By George Harpur
Despite the digital transformation of organizations today, many people have a continued reliance on paper, especially in information-intensive areas like healthcare. Clinicians and providers typically have thousands or millions of pages of legacy paper records, and new ones being generated daily. But as they are being encouraged to scan those paper records and transition to electronic systems, in many cases practitioners are finding it harder rather than easier to find the specific information they are looking for.
Solving the Document Management Problem
This got me thinking. We need to solve one major problem with digital document management: ease. If it’s not easy to pull up the specific documents they need, clinicians would rather use paper. If it’s not easy to implement a digital solution, and there is a long learning curve, practitioners would rather not bother. If it’s too complex and expensive, the effort to go paperless simply isn't justified.
At aluma, we've created a set of tools and technologies that help healthcare practitioners to ‘get over the hump’ of digital transformation.
Classification and Indexing
It starts with an automated classification and indexing process. Imagine a scanned PDF of a patient record. Depending on the patient, this could reach hundreds of pages. Without proper indexing, it’s much easier for a clinician to fan through a paper file for the information they need vs. scrolling through a screen. Classification uses machine learning to assign a 'type' to each sheet of the scanned record, even when the content is highly variable, and an automated indexing process pulls out other key information such as dates and diagnoses.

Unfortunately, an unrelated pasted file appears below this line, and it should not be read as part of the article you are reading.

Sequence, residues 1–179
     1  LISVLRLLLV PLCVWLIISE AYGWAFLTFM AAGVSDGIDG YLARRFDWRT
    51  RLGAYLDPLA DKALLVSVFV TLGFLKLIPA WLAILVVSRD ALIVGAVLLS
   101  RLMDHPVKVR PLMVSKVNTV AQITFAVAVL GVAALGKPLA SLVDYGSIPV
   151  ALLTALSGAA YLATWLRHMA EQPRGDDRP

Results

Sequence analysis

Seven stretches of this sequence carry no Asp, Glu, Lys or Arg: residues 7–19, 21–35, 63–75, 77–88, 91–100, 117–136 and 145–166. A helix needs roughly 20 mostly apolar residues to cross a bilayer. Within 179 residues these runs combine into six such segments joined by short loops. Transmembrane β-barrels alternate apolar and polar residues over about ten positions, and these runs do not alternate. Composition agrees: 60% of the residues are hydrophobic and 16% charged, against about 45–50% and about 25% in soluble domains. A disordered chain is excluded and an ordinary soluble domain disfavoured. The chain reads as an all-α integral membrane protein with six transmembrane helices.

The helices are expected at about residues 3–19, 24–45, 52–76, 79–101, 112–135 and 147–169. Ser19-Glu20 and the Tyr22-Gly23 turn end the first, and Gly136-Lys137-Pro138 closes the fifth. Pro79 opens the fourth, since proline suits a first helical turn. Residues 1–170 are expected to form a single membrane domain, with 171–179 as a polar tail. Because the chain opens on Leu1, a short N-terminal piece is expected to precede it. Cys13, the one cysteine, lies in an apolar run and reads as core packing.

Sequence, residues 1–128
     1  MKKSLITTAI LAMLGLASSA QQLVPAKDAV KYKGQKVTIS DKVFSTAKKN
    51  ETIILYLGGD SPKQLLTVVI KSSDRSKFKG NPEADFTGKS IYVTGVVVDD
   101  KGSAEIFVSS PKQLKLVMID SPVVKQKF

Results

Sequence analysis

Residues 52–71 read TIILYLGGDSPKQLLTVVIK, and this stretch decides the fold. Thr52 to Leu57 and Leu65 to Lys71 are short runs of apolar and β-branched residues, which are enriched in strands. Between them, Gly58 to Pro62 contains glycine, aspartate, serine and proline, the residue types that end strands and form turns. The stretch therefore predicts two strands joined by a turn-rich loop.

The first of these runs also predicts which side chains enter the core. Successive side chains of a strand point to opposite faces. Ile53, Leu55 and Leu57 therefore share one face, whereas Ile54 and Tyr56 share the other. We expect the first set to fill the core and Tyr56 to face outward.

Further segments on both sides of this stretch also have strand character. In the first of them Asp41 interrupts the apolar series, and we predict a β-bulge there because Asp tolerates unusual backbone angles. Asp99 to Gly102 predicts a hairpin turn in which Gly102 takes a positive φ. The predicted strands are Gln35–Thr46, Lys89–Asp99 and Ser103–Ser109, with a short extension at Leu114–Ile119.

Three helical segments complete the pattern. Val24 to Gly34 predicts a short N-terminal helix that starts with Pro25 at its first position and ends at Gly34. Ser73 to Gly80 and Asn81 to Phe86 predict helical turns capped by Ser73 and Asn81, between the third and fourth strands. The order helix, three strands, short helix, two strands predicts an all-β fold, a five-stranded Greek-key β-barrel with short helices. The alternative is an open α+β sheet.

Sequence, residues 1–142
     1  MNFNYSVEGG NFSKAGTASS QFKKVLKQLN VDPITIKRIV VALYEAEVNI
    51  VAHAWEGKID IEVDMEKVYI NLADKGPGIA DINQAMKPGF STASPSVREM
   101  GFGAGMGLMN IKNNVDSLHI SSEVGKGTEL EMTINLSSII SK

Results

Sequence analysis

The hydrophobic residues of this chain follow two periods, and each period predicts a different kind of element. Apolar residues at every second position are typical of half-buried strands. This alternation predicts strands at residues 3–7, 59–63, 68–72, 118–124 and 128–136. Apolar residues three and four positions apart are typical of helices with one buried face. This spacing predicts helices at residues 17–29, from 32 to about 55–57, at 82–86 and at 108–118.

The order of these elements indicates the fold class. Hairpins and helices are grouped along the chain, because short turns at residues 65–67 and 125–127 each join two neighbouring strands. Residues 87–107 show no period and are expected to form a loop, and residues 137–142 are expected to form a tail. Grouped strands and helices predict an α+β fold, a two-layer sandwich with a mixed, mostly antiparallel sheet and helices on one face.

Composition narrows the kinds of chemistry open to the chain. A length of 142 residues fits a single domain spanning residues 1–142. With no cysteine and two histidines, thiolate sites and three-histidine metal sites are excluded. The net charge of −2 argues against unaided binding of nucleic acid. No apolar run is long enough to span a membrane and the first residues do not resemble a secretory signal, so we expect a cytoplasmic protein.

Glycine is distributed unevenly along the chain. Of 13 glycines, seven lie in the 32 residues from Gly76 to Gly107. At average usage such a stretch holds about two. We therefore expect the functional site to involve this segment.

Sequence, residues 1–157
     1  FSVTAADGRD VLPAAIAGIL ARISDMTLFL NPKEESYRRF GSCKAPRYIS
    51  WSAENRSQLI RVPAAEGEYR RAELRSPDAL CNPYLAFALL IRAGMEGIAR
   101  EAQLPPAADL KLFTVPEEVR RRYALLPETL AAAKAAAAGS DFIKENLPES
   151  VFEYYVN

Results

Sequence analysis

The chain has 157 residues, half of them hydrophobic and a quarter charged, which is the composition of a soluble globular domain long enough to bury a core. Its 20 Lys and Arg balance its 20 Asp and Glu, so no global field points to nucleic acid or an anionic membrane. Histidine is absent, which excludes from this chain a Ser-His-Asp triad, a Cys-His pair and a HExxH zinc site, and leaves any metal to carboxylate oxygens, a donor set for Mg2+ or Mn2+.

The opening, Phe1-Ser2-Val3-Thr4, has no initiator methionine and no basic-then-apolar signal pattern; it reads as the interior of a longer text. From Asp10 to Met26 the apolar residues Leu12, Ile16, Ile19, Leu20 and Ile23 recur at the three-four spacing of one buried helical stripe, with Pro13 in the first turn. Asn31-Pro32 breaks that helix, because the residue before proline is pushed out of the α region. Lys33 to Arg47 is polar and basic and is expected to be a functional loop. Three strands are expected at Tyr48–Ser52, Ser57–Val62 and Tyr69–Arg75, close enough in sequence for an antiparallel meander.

Inserting 'bookmarks' into the record is a practical yet powerful way to use the index data and help any user find the information they need quickly. Aluma can automatically add bookmarks directly into documents, or provide the data to an existing medical record viewer. Nurses and doctors simply call up the file, and are provided with key information, and associated content links, about the contents of the record. The entire file is still captured and stored together, but users can now easily find and navigate to the parts of the record that are most relevant to them.
Despite digitization, many healthcare clinicians and providers are actually finding that it is more difficult to find the specific information they are looking for.
This approach enhances rather than replaces a traditional Electronic Medical Records system. The enriched indexing data that aluma provides makes navigation within a record much easier, and the automated bookmarking technique means that none of the original context is lost. With this approach, 'data perfection' is not required, so the benefits are obtained without needing an expensive and time-consuming manual review process. This allows healthcare providers to solve the problem of hard-to-navigate records in a pragmatic, affordable and easy-to-adopt way, and helps smooth the road to digital transformation.
Watch a demo video showing Aluma Auto-bookmarking and Indexing Medical Records.
George Harpur is co-founder and CEO at aluma. Since earning his PhD from Cambridge University in the mid 90s, he has been applying these skills to document automation, and has played a prominent role in the development of multiple industry-leading products.